He stated: “Of all the pupils in the scheme, over 90% secured or increased their grades because of this great partnership between our schools and the Rotary club, and that is a fantastic outcome.

“The generosity of the Rotary Club of Dundee allowed pupils who faced many barriers to their learning and whose education had been impacted by the lockdowns to gain valuable skills and opportunities to improve their performance through and beyond their school years.

“They were able to move from uncertainty to confidence with the coaching of teachers helping them to initiate self-learning and acquiring self-management skills.

“We weren’t spoon-feeding the pupils but getting pupils to take the lead and, if you like, use their own spoons – and it worked.”

Same as the previous photo left to right but with Andrew Argo and Robert Dunn.

Teresa Little, head teacher at St Paul’s Academy, added: “The extra tutoring and coaching was aimed at making sure the young people had what they needed to learn.

“These pupils had many challenges in balancing school work during lockdowns with their home life. They had to cope with such challenges as looking after younger family members and fitting in jobs.

“For some pupils home life can be chaotic at times so it was important to give the pupils resources and a place to learn.

“Thanks to the scheme we were able to get these pupils back on track to achieve results they were previously destined for but were at risk of not achieving.”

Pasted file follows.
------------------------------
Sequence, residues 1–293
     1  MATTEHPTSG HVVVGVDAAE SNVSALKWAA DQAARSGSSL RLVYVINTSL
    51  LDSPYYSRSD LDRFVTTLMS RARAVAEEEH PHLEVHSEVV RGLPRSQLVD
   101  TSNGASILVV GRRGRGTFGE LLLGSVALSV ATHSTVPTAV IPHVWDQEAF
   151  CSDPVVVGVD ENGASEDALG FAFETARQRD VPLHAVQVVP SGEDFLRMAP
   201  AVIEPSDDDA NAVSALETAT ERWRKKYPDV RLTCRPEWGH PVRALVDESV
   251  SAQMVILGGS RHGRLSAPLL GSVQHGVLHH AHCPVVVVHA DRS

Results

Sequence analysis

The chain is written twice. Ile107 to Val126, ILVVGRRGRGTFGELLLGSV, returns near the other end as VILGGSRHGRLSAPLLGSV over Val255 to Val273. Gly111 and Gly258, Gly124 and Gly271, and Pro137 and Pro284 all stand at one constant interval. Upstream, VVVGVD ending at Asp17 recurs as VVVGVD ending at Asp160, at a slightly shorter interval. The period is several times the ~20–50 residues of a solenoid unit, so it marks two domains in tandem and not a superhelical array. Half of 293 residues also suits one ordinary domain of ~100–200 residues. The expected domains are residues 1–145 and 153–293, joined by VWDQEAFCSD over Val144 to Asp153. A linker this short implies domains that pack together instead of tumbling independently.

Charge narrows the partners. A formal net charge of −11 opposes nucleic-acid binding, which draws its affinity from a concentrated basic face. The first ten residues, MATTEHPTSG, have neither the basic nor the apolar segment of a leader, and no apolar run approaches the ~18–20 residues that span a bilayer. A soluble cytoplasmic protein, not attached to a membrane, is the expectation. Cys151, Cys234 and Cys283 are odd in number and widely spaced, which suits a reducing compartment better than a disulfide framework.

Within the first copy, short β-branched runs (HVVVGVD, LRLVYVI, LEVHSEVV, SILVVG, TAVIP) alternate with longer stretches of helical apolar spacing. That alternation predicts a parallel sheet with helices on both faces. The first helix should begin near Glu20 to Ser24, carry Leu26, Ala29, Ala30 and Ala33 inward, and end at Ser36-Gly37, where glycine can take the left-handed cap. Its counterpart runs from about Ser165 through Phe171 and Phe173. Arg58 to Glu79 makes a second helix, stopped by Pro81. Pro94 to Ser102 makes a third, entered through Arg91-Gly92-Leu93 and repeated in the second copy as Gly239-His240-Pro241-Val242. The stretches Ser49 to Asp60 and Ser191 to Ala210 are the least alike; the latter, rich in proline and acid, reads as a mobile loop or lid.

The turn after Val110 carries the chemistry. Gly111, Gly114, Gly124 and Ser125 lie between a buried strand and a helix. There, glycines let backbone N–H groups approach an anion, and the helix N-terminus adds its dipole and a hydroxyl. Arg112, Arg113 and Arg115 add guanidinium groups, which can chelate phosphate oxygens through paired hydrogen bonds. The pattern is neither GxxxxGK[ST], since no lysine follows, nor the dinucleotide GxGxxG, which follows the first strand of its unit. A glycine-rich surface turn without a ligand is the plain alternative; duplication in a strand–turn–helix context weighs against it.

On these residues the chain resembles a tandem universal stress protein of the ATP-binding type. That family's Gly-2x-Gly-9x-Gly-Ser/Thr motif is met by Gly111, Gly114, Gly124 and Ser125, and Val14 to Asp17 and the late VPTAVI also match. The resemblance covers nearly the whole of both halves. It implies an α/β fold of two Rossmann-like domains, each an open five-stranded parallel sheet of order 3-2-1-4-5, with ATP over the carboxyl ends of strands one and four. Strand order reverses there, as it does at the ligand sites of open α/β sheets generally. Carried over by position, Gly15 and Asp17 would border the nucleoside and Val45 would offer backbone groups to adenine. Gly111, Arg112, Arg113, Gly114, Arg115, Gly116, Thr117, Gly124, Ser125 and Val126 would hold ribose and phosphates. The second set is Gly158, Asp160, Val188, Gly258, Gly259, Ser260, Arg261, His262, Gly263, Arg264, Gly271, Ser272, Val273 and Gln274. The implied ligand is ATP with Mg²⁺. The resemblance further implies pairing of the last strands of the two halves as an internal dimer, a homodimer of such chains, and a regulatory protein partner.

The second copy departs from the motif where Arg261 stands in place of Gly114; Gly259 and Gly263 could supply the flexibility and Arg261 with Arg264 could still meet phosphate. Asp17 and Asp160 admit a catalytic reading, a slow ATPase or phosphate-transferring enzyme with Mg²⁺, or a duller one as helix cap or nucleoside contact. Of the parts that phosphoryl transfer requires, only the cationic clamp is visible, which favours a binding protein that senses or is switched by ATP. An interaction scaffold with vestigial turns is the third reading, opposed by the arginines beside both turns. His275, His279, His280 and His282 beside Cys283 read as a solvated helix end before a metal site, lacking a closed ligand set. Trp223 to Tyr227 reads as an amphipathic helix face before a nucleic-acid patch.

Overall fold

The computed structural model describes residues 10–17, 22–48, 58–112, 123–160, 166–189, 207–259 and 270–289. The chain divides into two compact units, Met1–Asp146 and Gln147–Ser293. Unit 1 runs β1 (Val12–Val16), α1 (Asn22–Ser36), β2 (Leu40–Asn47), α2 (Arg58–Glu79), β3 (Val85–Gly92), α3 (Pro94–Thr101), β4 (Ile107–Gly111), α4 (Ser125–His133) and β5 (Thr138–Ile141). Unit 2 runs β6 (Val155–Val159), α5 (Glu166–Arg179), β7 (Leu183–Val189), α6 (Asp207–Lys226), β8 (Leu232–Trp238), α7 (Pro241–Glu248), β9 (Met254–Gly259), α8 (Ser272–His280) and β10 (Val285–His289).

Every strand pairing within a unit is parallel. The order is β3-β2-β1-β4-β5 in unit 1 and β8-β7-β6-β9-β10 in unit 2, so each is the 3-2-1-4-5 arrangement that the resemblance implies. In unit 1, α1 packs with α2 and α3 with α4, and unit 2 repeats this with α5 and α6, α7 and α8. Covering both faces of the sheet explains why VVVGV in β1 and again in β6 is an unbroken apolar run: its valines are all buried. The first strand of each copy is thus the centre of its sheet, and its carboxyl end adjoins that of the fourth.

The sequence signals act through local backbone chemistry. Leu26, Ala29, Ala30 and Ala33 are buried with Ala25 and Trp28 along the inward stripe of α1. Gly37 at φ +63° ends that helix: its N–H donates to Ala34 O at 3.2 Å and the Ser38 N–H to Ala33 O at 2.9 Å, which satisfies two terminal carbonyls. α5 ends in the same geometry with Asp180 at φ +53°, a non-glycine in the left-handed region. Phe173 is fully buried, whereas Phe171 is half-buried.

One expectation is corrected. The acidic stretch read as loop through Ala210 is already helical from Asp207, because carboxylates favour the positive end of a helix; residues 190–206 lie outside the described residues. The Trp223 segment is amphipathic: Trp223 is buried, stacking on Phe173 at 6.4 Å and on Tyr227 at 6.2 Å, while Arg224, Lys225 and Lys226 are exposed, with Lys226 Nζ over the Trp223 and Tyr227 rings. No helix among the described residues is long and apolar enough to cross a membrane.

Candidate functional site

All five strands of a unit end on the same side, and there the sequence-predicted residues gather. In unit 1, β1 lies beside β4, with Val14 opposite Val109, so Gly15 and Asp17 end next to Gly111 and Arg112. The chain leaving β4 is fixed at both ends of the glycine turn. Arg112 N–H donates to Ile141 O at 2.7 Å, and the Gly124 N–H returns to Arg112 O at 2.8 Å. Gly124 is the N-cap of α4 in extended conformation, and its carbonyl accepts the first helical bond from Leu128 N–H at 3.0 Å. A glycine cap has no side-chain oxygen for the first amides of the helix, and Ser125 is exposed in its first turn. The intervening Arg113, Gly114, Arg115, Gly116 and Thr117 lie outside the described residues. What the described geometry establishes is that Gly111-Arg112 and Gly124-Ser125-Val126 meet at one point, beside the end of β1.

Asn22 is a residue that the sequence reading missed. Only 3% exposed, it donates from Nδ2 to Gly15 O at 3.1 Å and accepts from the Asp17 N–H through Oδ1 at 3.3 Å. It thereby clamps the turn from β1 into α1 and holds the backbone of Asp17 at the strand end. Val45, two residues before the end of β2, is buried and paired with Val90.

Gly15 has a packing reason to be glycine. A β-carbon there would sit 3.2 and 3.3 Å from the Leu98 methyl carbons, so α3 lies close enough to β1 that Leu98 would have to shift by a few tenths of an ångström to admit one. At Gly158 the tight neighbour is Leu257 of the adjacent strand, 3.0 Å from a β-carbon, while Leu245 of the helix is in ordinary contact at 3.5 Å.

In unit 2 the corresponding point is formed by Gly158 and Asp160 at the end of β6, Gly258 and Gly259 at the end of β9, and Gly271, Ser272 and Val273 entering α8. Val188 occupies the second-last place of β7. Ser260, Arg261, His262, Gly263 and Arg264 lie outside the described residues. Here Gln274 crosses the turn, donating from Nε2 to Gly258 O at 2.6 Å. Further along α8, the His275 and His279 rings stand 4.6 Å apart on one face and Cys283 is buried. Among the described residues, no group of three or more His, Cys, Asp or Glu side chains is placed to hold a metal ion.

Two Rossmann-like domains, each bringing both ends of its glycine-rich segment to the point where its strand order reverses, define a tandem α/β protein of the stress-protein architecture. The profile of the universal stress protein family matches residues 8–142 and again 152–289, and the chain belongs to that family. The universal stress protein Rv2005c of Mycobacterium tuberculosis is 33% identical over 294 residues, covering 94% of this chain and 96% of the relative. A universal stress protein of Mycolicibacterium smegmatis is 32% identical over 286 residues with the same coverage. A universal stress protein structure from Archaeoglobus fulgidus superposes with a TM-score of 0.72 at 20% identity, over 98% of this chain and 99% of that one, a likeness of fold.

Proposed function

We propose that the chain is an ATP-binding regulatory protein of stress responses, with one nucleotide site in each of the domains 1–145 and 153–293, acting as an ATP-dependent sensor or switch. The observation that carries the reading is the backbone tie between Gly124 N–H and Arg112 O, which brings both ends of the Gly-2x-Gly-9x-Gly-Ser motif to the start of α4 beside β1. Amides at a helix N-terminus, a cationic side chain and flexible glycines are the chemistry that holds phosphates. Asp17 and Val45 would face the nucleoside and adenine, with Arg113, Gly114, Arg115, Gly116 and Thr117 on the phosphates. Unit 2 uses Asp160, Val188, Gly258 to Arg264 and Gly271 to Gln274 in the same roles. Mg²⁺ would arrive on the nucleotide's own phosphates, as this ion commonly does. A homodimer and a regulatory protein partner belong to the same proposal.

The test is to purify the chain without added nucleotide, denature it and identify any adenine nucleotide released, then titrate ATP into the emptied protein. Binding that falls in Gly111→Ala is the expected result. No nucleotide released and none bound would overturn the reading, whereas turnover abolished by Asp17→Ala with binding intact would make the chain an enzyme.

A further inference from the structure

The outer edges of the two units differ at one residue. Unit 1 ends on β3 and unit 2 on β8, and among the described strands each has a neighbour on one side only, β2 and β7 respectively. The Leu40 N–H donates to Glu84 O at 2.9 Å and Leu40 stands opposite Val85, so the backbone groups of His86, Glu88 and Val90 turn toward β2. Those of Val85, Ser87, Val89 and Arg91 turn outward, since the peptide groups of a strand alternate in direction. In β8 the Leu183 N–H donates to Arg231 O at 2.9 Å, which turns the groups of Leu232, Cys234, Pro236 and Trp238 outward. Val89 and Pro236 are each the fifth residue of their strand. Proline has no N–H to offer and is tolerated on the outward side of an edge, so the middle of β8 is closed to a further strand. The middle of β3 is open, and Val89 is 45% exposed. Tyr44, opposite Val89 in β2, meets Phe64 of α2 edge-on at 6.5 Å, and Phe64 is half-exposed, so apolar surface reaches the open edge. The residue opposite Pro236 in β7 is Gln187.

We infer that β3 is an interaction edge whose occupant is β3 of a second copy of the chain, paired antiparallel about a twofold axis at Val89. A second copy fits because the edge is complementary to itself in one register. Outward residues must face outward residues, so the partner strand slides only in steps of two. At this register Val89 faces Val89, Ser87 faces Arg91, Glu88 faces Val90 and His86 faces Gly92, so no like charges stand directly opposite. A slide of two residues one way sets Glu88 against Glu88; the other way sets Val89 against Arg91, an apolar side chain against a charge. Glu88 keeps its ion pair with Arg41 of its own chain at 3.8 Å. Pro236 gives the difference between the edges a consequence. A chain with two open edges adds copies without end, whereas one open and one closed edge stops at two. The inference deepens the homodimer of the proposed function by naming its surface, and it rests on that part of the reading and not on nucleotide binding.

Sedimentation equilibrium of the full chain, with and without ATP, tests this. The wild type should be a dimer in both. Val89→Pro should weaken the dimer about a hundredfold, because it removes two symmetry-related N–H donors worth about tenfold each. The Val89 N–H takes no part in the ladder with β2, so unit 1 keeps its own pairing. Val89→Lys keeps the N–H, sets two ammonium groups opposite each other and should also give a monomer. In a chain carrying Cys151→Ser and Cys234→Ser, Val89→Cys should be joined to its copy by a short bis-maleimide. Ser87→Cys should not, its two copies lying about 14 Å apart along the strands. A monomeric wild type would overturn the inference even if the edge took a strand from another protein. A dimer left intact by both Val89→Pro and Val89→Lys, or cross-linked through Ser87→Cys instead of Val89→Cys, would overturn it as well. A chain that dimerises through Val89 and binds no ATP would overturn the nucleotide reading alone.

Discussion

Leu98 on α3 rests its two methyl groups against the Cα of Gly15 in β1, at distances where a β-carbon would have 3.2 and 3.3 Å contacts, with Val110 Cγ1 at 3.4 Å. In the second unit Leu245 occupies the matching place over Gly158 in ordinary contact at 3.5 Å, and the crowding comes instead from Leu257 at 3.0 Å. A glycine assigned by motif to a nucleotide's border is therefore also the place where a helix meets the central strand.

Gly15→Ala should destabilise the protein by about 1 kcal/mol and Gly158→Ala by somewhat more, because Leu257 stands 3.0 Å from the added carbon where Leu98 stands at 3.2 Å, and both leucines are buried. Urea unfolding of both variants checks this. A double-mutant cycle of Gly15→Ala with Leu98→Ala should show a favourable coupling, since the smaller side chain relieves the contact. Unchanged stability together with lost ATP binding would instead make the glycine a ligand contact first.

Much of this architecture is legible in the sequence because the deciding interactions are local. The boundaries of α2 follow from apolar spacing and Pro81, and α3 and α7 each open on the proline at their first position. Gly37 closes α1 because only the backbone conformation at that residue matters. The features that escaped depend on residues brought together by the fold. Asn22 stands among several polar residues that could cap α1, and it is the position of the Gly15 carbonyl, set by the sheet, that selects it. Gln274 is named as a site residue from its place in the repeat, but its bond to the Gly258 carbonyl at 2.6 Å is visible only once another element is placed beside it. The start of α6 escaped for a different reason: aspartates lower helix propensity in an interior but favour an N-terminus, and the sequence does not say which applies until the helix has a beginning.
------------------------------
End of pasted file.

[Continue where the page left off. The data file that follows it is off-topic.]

There can surely be no better contribution a Rotary club can make to its community than to help its young people find a route to a better future.”

Leoni Doig, a pupil at St Paul’s. She said: “During lockdown I struggled to concentrate on my school work and I became stressed.

“The teachers calmed me down and helped me. I learned different ways of learning and I got through the work when I might have struggled before.”

Dundee Rotary Past President, Robert Dunn said the club was delighted to receive such a good report on the success of the scheme.

“Key to our centenary celebrations is our commitment to support the local community,” he stated.

“Education and young people were central to our plans and we are delighted to be able to support a number of young people across the city with this initiative which we hope will have a profound effect on their lives.”

Teachers were upskilled as coaches and supported pupils to plan, monitor and evaluate their learning.

Current President Andrew Argo added: “It is fantastic that one of the key projects of our Centenary Year has been such a success.

“There can surely be no better contribution a Rotary club can make to its community than to help its young people find a route to a better future.

“By providing this much-needed support, pupils at risk of falling behind with their studies in the midst of the Coronavirus pandemic have been able to get back ‘on track’ to secure and even exceed the academic success previously predicted for them.

“This is bound to open doors even wider to further academic and employment opportunities and hopefully success.”

With the club committing more funding, he looked forward to further discussions with the city council into the scheme being extended.

The club is also pressing for Leading Learners to qualify for a Rotary Global Grant which could produce substantial additional funds to help progress the project.

Andrew Argo added: “Given the successful outcome of the pilot project and that it meets many of the grant criteria – it is sustainable, has measurable goals, improves lives and responds to real community needs – I hope this target can be achieved to help Dundee pupils for years to come.”